By Leonard Shapiro
There was a time, before the 14 major championships, before the 74 PGA Tour wins, before the knee and Achilles injuries, before the changes in swing coaches, before the scandal and the divorce, when Tiger Woods needed a boost in confidence.
This was 1996, and Woods was in the process of deciding whether and when to turn professional. Then along came the British Open at Royal Lytham & St. Annesthe same venue for the 2012 Openand Woods got his answer.
It came first in the second round, when he fired a superb 66 on his way to a tie for 22nd in the tournament, tying the low score ever posted in the event by an amateur golfer.
That gave me so much confidence, Woods told reporters last week. At the time, it gave me the confidence I could do it at a high level. The fact that I shot that low I had seven birdies in a 12-hole stretchI thought for an amateur in a major championship, that was a big step.
Woods would go on to turn pro later that summer, and of course, the rest is truly golf history as he set off on a journey that now leads him back to England and the same brutally difficult Lytham links off the Irish Sea.
Woods seems to be moving in all the right directions these days, despite several missed cuts this season, the latest at the Greenbrier when he insisted he wasnt playing all that badly. Hes now the leading money-winner on the PGA Tour with 4.2 million in earnings. He leads the FedEx Cup standings and is a shoo-in to make the 2012 American Ryder Cup team on points in a season when his three victories are also the most wins on the tour.
But once again, Royal Lytham could very well be shaping up as the venue that provides that one more added boost of confidence that gets Woods back to winning major championships. He hasnt done that since the 2008 U.S. Open at Torrey Pines in San Diego. And over those four years, 15 different players have won the 16 majors contested over that time span.
There is no question that Woods is no longer the player who once dominated the game like few if any others in the long and storied history of the sport. But he is certainly showing signs that the latest set of swing changes designed to take the pressure off his aching knee are starting to kick in and become just as natural as the old swings.
If hes playing well, hes better than anyone else in the field, Curtis Strange, now an ESPN commentator, said in a conference call last week. If hes not, hes average. It depends on which Tiger shows up. When Tiger is near on his game, he has more strengths than anybody else.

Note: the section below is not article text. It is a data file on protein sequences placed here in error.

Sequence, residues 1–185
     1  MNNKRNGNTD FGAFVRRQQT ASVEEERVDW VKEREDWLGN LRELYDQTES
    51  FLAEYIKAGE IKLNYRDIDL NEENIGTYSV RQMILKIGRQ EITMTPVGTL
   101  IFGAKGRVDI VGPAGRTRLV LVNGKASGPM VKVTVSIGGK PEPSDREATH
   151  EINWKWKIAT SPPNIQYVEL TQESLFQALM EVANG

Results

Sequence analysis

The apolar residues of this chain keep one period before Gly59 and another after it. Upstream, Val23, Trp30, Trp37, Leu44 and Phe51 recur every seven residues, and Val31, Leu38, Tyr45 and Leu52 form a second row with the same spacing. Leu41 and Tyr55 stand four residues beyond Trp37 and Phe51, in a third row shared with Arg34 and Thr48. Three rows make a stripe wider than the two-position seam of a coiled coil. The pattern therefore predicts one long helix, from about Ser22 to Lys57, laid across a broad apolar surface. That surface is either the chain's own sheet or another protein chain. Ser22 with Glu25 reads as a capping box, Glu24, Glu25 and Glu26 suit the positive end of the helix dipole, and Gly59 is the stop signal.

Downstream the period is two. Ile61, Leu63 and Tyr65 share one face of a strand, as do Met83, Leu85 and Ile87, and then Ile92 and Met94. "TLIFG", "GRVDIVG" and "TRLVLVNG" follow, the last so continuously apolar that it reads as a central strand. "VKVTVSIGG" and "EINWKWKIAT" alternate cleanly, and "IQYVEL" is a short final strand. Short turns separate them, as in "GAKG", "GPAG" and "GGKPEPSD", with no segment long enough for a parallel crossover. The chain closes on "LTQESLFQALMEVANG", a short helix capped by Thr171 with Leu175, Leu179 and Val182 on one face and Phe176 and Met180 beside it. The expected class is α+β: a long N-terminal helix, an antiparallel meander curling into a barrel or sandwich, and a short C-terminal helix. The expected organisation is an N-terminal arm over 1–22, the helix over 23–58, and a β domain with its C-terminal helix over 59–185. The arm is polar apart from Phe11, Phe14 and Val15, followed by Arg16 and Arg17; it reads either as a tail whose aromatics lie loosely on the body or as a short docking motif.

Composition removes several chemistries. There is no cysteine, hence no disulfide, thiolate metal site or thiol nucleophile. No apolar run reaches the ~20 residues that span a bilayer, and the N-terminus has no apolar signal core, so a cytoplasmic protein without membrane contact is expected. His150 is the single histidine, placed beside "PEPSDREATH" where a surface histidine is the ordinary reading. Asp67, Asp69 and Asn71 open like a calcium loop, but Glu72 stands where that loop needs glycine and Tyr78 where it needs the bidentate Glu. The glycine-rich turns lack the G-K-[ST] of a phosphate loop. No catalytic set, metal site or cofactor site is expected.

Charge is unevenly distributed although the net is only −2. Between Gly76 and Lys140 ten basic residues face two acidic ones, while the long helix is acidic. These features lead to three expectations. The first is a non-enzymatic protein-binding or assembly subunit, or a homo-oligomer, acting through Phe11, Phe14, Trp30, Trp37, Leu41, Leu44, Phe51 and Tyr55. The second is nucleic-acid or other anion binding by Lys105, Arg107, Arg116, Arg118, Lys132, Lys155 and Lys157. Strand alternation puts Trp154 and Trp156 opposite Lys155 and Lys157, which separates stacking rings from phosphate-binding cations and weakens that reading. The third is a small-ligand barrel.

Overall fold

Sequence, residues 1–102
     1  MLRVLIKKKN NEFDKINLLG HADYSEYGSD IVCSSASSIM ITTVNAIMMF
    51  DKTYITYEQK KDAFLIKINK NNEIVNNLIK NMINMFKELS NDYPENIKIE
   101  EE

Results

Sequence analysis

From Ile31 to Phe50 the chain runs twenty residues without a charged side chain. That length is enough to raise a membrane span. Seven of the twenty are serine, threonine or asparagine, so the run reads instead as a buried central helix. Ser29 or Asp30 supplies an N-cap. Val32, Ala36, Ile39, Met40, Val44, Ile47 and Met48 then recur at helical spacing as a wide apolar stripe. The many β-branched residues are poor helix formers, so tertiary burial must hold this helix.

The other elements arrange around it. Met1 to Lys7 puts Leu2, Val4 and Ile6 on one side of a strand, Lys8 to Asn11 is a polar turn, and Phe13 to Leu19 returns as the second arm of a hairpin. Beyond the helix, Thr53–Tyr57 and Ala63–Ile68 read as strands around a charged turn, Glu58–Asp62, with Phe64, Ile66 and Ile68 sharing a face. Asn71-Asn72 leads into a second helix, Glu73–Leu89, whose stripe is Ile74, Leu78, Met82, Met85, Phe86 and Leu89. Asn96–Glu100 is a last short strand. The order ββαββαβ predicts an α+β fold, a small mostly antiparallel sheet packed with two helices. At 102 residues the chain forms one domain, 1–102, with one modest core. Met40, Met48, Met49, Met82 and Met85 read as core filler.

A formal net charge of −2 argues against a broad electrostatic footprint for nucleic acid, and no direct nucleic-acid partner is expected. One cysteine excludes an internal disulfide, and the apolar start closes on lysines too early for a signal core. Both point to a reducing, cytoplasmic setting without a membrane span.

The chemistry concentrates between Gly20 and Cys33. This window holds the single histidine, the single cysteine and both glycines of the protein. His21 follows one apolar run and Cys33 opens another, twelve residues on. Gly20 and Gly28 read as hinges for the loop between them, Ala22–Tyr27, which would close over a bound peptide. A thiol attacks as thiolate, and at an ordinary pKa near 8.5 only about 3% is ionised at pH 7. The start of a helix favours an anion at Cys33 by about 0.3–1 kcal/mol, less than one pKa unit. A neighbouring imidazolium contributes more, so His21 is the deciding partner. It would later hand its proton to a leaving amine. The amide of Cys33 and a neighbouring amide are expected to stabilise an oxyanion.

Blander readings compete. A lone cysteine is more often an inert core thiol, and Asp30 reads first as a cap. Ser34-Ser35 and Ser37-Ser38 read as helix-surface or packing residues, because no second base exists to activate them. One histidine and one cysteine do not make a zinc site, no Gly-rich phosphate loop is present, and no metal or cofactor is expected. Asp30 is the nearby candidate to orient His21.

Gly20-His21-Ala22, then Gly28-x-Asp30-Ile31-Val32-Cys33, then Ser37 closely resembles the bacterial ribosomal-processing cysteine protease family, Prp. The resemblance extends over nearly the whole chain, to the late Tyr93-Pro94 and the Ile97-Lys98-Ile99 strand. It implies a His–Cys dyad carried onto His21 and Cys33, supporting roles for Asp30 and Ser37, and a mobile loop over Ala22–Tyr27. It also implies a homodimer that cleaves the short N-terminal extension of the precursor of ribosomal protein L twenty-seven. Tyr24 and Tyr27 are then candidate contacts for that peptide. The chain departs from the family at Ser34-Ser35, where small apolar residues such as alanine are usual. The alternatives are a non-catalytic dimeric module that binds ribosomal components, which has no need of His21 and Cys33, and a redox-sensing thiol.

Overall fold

In addition to the possibility of getting closer to Jack Nicklauss record 18 major titles, Woods has another delectable incentive this week. If he prevails at Lytham, he almost certainly will be the player of the year and perhaps even more significant, he will return to the No. 1 position in the world rankings, a spot hes became so accustomed to occupying for so long.
Hes now No. 4, behind No. 1 Luke Donald, No. 2 Rory McIlory and No. 3 Lee Westwood. All three of those players will be among the rooting favorites of the English crowds, particularly 44-year-old Westwood who now holds the dubious distinction of being the best player in the world never to win a major.
Westwood has been bothered in recent weeks by a nagging groin injury. McIlroy keeps missing cuts, and Donald didnt sound like a man who fancies his chances last week when he spoke to reporters at the Scottish Open.
Ive realized that I do get a bit more anxious, a bit more uptight (at major championships) and Ive got to try and control that, he said. Thats going to be the prioritygo out there and try to play with a bit more fun and hopefully thats the key to getting off to a better start. And once I get off to a better start, I feel like Im going to be there and have a better chance.
Donald and everyone else will have to do it on a difficult course protected by 205 nasty bunkers, the most of any venue on the Open rotation. A wet summer has also made the rough brutally difficult, so much so that Woods said last week that bottom six inches, in some places its almost unplayable. Ive never seen the rough this thick and dense.
Defending Open champion Darren Clarke, also offered an ominous warning about all those bunkers.
Its just a nightmare, he said. They are very penal. Theres going to be occasions here this week when I think youre going to see guys taking penalty drops out of them because they wont be able to move their ball anywhere. Accuracy is going to be key this week. Its not really length off the tee. Its keeping it on the fairways and keeping out of those bunkers.
Woods says he likes the layout.
Its fair, he said recently. They dont have to trick it up. They dont have to do anything with it. They can play it as the members play it and it would still be difficult.
How much pressure Woods puts on himself will also be a major factor, according to Paul Azinger.
Its gotten to the point where he was so good, you didnt even look at Tiger as human anymore, he said. But he still feels the pressure like everyone else. He got more comfortable with it because hes in contention more often, but its real pressure, and he feels it. Hes human. He feels it like everybody else; he just dealt with it better.